Deep Purple in Stockholm - a personal review
Just wanted to share with you some personal impressions from the Deep Purple concert in Stockholm on 7 October, which was the group's first visit to this beautiful city in at least two years.
They were playing at Globen, the world's biggest spherical structure, with a capacity of some 15,000. One side (behind the stage) was closed off. My attendance estimate was some 7,000-7,500 out of a maximum of 10,000 (there were plenty of vacant seats, although tickets had supposedly been sold out three weeks before the gig). Lots of grey-haired rockers in the audience - a serious Purple crowd for the most part. Everyone was seated, however (including the three thousand on the field facing the stage), which seriously hampered the freedom of expression - through body language - of many people in the audience.
The show started only 30 minutes late, which, given the absence of any warm-up band, was a sign of respect to the audience and was appreciated by those around me.
I've had the CD version of the concert for some time now, but have been unable to follow closely the progress of this Deep Purple tour. Thus I was completely unprepared for a number of novelties in the conduct/organisation of the gig. The first new element for me was the band coming on stage one by one, instead of all together - not only did it fit well into the concept of the concert, it was also a nice touch. First came Jon and the orchestra, and Jon spoke at length to the audience, describing the concept, presenting the conductor and the orchestra, etc. Then - another surprise for me - they started off with "Pictured Within", with a guest singer whom I've never heard (of) before. A good one, though.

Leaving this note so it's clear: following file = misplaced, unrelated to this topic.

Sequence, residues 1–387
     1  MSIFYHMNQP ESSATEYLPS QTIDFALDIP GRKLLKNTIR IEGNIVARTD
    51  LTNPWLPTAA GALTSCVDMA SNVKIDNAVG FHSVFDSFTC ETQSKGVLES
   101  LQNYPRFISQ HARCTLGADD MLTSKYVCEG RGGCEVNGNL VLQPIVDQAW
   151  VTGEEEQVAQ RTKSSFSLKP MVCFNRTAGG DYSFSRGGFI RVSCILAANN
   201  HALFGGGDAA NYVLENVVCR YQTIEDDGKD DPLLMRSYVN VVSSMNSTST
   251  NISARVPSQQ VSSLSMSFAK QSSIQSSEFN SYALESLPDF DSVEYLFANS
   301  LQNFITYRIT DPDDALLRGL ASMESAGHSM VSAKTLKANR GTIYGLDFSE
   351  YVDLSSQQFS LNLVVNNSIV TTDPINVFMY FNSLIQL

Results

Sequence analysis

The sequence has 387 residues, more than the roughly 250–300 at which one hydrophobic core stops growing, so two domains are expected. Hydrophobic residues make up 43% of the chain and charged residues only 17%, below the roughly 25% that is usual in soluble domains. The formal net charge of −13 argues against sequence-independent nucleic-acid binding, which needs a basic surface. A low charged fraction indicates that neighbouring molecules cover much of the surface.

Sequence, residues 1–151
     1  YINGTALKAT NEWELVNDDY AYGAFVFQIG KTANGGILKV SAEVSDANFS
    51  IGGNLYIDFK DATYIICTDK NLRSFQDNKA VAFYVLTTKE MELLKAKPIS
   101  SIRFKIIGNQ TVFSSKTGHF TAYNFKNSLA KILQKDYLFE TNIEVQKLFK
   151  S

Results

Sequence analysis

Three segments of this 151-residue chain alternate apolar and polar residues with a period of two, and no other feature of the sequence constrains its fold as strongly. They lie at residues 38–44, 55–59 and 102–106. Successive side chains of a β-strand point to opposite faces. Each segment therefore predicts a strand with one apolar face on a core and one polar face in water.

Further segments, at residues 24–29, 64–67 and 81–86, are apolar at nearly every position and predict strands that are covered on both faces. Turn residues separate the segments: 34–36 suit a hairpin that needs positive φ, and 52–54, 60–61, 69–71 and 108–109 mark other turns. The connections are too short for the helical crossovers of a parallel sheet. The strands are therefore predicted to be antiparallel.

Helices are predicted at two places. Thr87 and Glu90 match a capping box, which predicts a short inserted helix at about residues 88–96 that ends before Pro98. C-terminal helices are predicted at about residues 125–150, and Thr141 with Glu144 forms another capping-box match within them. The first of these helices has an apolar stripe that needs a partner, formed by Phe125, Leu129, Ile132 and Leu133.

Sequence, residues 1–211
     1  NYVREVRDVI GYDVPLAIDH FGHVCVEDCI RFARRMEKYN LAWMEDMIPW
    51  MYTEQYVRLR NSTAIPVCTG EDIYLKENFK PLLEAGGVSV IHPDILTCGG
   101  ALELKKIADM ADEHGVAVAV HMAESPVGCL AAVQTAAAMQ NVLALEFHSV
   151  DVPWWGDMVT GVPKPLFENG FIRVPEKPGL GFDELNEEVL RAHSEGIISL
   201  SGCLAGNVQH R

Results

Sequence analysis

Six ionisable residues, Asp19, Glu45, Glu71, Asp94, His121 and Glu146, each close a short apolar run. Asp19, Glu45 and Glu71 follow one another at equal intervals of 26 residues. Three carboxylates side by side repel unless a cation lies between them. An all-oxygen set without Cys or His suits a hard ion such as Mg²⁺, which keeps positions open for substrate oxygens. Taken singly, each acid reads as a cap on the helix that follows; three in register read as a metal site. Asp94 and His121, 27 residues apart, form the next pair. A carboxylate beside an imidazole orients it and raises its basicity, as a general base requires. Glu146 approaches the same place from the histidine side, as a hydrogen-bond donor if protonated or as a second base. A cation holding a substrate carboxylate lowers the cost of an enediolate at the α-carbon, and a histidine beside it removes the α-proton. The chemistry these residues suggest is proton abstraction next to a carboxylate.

Then Ian Paice, Steve and Roger showed up, and started playing one of Roger's early solo songwriting efforts (I've forgotten the title). And then - the biggest shock of all - on came the singer. Though seated pretty far from the stage (and without the usual help of the giant screen above - why was that?) I had no trouble recognising the guy - and yet I couldn't believe my eyes. For a dreadful second I thought that despite what the posters all over town said, there had been a last-minute change in the line-up. I mean, Ronnie James Dio signing with DP? Is it a new edition of the 1978 Rainbow line-up, with Ritchie gone (ha-ha), taking the band's name with him? As no explanation was given to the crowd, I had to turn to the guy next to me (a veteran rocker) who fortunately was on top of things, having read the reviews of the band's gig in Gothenburg the night before. He assured me that Gillan would show up later. Thus relaxed, I was able to enjoy the stunning performance of a couple of Dio hits. With all due respect, the guy has never had such an impressive backup in his career, I think. I've never been a whole-hearted Dio fan, but I have always given him his due as the most powerful (albeit not the most colourful) vocalist in rock music. And he was great that night!
After this Jon announced Ian Paice as "One of the greatest rock drummers ever. Greatest drummer full stop." Ian and the Belgian brass section rendered an absolutely beautiful edition of "Wring That Neck", the best I've ever heard.